A recent Mayo Clinic study on yips, a condition that has baffled golfers and scientists for decades, will be a featured presentation on March 16, 9:45 a.m., at the upcoming World Scientific Congress of Golf. The Congress tees off March 12-16 at the Embassy Suites and Stonecreek Golf Club, 4415 East Paradise Village Parkway, Phoenix.
The yips, affecting a significant number of already anxious golfers during putting or chipping, may be a physical movement disorder and not only the result of undue pressure to perform at the crucial moment of a stroke. In fact, in some cases the affliction can be likened to writers’ or musicians’ cramps, according to Charles H. Adler, M.D., Ph.D., neurologist and researcher at Mayo Clinic. His latest research on the yips was recently published in the journal Movement Disorders.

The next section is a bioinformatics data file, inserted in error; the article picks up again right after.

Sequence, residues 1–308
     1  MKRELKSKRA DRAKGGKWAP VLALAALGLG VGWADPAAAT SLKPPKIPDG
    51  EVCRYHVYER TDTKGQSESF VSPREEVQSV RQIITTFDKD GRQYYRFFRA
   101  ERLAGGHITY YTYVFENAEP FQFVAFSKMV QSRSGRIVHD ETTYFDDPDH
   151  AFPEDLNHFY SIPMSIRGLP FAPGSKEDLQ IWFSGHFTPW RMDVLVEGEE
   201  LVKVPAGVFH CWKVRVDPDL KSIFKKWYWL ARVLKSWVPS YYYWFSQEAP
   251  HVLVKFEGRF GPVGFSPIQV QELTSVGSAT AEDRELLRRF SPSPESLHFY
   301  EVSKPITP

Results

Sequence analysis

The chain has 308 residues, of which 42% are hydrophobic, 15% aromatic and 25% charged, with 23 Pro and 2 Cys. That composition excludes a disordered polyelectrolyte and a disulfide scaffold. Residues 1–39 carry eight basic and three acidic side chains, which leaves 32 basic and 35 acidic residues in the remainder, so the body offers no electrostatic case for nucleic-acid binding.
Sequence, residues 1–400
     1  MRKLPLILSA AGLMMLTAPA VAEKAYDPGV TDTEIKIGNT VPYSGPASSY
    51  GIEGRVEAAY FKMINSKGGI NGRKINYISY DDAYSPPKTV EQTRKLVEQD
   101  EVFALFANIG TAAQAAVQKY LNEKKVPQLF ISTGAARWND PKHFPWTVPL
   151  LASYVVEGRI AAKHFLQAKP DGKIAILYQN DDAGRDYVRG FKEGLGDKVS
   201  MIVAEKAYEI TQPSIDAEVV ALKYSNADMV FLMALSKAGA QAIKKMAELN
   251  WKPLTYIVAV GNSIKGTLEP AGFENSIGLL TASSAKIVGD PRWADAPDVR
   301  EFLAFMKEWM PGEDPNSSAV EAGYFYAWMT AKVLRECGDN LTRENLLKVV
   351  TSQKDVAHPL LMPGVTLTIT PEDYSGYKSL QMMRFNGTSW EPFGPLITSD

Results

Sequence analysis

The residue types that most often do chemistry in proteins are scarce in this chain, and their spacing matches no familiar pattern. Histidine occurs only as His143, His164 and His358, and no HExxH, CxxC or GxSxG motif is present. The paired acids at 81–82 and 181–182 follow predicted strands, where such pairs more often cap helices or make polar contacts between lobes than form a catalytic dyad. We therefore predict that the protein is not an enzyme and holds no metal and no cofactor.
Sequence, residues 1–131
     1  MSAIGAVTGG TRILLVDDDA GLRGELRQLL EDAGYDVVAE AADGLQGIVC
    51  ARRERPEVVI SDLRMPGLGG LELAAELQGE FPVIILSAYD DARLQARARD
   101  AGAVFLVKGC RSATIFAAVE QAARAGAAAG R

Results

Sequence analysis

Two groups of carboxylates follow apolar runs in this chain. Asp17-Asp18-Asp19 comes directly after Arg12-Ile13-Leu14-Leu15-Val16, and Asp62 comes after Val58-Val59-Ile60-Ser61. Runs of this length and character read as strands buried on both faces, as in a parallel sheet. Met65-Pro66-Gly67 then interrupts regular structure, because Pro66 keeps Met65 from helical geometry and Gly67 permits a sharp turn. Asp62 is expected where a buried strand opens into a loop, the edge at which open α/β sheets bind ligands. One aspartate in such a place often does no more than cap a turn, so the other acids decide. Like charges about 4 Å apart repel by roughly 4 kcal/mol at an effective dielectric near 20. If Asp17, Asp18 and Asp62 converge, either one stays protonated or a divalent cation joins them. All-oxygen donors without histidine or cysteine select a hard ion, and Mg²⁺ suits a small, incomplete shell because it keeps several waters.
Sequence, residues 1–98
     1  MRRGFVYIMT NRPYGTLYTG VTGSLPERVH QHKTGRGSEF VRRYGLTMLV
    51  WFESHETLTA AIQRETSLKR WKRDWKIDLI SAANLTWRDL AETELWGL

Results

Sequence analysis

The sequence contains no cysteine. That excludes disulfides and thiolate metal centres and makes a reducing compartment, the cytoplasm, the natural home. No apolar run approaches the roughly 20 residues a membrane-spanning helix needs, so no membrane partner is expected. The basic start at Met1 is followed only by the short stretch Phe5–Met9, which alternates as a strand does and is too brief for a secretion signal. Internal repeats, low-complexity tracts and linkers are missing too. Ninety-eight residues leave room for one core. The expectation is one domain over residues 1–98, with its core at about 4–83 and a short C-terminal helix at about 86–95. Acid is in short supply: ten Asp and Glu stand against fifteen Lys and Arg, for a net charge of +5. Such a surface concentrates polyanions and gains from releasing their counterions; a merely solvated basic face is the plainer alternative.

Dr. Adler and his colleagues at Mayo Clinic and Arizona State University suggest that in a subset of golfers, involuntary muscle contractions are to blame, resulting in “golfer’s cramp.” The annoying condition (sometimes described as “twitches” or “jerks”) that can ruin an otherwise successful round of golf was often thought to be psychological. Dr. Adler said that the overall effect of this study is to try to identify golfers who have a neurologic rather than a psychological cause to their yips.
Held every four years, the World Scientific Congress of Golf began in 1990 at St. Andrews, Scotland. For more information on the Congress visit golfscience.org.
Below is a link to a YouTube video with Dr. Adler where he describes the study findings.